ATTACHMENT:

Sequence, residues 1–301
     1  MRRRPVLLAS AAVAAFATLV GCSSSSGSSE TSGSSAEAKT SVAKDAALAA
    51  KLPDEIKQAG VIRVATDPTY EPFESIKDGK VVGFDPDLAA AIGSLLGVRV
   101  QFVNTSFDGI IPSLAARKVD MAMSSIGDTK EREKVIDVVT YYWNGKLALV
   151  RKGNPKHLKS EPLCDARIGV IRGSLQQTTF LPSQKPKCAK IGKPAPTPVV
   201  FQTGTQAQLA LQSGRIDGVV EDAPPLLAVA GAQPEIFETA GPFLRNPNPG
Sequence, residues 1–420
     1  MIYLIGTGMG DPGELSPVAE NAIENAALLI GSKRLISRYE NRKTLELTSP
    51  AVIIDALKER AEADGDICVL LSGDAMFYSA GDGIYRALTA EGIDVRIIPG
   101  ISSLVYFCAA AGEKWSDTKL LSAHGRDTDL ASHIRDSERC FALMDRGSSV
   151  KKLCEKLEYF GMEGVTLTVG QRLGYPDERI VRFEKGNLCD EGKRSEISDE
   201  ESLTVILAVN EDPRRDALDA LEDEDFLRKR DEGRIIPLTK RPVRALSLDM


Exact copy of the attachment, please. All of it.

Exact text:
Sequence, residues 1–301
     1  MRRRPVLLAS AAVAAFATLV GCSSSSGSSE TSGSSAEAKT SVAKDAALAA
    51  KLPDEIKQAG VIRVATDPTY EPFESIKDGK VVGFDPDLAA AIGSLLGVRV
   101  QFVNTSFDGI IPSLAARKVD MAMSSIGDTK EREKVIDVVT YYWNGKLALV
   151  RKGNPKHLKS EPLCDARIGV IRGSLQQTTF LPSQKPKCAK IGKPAPTPVV
   201  FQTGTQAQLA LQSGRIDGVV EDAPPLLAVA GAQPEIFETA GPFLRNPNPG
Sequence, residues 1–420
     1  MIYLIGTGMG DPGELSPVAE NAIENAALLI GSKRLISRYE NRKTLELTSP
    51  AVIIDALKER AEADGDICVL LSGDAMFYSA GDGIYRALTA EGIDVRIIPG
   101  ISSLVYFCAA AGEKWSDTKL LSAHGRDTDL ASHIRDSERC FALMDRGSSV
   151  KKLCEKLEYF GMEGVTLTVG QRLGYPDERI VRFEKGNLCD EGKRSEISDE
   201  ESLTVILAVN EDPRRDALDA LEDEDFLRKR DEGRIIPLTK RPVRALSLDM